In response to this critique, Burnes (2004, p. 993) explains that far from viewing organizational groups as stable, or viewing change as linear, Lewin understood the boundaries of stability and argued that a constant state of change characterizes social settings, and “just like a river, the rate varies depending on the environment.”
A second criticism by Bawson (1994) is that the model is only pertinent to isolated and incremental change projects and is not able to incorporate radical, transformational change (Burnes, 2004). Burnes (2004) addressed this criticism by saying that rather than the magnitude of the change, it seems to relate to the speed because, over time, incremental change can result in drastic renovations.
The action research model, unlike the three-step model, is a closed-loop system; this means that recycling through the process is the next stage after evaluation (Collier, 1945). This makes the action research model favourable as a continuous planned change model. However, a cyclic process such as this may present continuous costs to the organization and cause the organization not to want to repeat the process (Collier, 1945). As Collier (1945) also states, action research is not a “quick fix” or a “patch up” for ailing organizations in dire need of change.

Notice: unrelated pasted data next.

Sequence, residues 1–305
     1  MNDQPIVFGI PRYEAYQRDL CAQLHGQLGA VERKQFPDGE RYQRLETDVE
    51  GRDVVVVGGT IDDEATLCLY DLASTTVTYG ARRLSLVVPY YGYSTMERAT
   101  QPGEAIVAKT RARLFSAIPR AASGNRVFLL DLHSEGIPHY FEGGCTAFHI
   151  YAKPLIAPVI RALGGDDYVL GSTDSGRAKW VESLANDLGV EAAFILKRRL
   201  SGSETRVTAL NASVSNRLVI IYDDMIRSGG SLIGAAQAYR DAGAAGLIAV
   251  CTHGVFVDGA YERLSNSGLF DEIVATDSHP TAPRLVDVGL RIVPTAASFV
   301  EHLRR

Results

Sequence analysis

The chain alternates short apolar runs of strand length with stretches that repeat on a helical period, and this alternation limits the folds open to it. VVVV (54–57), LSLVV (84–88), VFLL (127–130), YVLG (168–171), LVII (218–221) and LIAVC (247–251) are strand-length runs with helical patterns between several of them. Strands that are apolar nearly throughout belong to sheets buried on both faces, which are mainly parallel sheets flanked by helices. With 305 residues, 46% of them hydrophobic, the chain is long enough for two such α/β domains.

The positive model is often orientated towards the future, and is not only concerned with what is, but also what it should be; involving also judging and sanctioning proposed solutions (Rimoldi, Lawn, Lunt & Macrae, 2004). Similar to the action research model, collectiveness is the philosophy it rests on (Rimoldi, Lawn, Lunt & Macrae, 2004). Therefore, the positive model has the unique advantage of being future-oriented and longer-tem focused, rather than present-oriented like the other two models.
Abbildung in dieser Leseprobe nicht enthalten
Source: Cummings and Worley (1997)
Literature Review and Criticisms of Planned Change
In the 1940s, modern studies on planned change began, with attempts to comprehend the dispersion process of technical inventions (Parker, 1980). The aim of the studies was to look at agents of agricultural extension could convince farmers to accept innovations such as hybrid corn (Parker, 1980). The literature was eventually extended to evaluate the way that medical practitioners adopted new drugs and techniques. Those studying the diffusion process characterized the central problem of innovation as adoption (Parker, 1980, p. 432).